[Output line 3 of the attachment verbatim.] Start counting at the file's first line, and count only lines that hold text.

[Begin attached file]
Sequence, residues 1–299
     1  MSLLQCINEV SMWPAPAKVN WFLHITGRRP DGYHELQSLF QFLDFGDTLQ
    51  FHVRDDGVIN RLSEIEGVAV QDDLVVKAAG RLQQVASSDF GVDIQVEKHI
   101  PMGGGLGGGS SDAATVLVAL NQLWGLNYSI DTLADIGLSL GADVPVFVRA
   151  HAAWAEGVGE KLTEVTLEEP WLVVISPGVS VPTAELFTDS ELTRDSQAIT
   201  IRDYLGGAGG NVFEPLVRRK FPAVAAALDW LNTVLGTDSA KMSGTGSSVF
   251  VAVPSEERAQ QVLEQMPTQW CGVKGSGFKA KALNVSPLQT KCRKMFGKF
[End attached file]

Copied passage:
    51  FHVRDDGVIN RLSEIEGVAV QDDLVVKAAG RLQQVASSDF GVDIQVEKHI